Not knowing my car’s transmission would soon be dead, I recently wrote something in praise of walking. Backhandedly, about the negatives of cars and even bicycles. Here it is:
Given the choice of any mode of transportation, I prefer my feet. I don’t have to lock them to a streetlamp before I go into the cafe. They don’t suck down gasoline, oil, rubber donuts, antifreeze, or Windex. I don’t need a ticket to take my feet, and I’ve never gotten ticketed for leaving them in the wrong place. Though they can leave me tired, the next day I’m the opposite of lagged. I don’t have to watch a speed limit, only my blisters and joints. Feet simplify the process of hm, let me take a closer look. They demand I haul only the essentials. Their convertible top is a hat. My feet aren’t capable of crushing toddlers on tricycles. In fact, when I run into someone, it’s a good thing. All my feet need from the gas station is a Christmas tree air freshener.
Then the car trouble showed up (as payback for a wandering eye?). As I waited for the diagnosis, I went from toying with the walking idea to feeling at the mercy of fate. To staring down a drastic lifestyle change. If the car’s kaput, how am I ever going to (fill in the blank)?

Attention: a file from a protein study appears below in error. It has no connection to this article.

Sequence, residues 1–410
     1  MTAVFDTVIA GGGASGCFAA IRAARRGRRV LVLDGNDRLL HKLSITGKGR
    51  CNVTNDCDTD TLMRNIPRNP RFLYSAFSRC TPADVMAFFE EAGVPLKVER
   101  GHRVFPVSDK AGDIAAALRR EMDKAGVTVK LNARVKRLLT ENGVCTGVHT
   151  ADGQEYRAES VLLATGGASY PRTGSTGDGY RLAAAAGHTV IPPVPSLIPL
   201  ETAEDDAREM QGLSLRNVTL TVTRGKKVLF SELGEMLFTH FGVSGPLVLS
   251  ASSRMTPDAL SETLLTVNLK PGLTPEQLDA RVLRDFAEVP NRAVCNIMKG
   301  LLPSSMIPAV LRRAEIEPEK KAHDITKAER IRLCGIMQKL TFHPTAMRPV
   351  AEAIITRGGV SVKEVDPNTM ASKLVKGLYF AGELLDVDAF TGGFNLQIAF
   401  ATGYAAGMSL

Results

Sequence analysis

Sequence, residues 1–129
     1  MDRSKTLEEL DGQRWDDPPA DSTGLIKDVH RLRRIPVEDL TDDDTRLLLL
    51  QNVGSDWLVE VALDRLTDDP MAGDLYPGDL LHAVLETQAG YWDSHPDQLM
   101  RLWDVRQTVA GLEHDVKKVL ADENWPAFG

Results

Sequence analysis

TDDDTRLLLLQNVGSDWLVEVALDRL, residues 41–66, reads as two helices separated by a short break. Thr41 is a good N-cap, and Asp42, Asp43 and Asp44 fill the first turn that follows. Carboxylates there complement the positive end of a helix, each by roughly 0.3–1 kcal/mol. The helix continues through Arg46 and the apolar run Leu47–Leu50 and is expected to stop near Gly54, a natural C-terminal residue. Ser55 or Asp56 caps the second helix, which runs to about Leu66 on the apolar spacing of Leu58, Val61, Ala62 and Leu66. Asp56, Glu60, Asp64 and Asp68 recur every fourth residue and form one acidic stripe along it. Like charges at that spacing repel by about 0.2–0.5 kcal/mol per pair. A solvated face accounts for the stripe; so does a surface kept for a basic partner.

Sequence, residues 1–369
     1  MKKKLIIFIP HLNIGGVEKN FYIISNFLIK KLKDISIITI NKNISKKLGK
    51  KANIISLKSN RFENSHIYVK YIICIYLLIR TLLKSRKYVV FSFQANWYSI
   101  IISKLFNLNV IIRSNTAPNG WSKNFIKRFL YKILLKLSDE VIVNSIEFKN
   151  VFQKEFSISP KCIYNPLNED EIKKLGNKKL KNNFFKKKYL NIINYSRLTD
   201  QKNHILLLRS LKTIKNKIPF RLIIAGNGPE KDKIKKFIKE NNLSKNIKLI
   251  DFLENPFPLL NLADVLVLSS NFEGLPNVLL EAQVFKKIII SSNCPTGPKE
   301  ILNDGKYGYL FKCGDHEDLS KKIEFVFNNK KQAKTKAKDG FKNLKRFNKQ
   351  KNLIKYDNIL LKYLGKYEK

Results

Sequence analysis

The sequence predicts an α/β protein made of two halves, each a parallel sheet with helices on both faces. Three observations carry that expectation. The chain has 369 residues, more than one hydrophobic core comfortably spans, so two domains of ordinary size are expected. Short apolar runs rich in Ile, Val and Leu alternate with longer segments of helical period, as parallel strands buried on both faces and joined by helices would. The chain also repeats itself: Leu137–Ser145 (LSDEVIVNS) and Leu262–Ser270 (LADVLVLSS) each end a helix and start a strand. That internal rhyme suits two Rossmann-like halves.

Not having a car is a position many Westerners (whose cities still lack quality public transportation) are put in only while traveling with a certain gusto. It’s no wonder that the prospect of living without a car carries the same what might happen? adrenal vulnerability as heading abroad with improvisation as the only plan.
If you’re looking for a way to prepare for travel (or to get your travel fix while home), try ignoring your car for a couple days. You can catch rides, use finicky buses, or just get out and walk the two miles to the grocery store. If you want a larger dose, a six to ten hour wander packs plenty of surprises.
More on that soon…
Took forever to find a photo for this one — thanks, Looking Glass.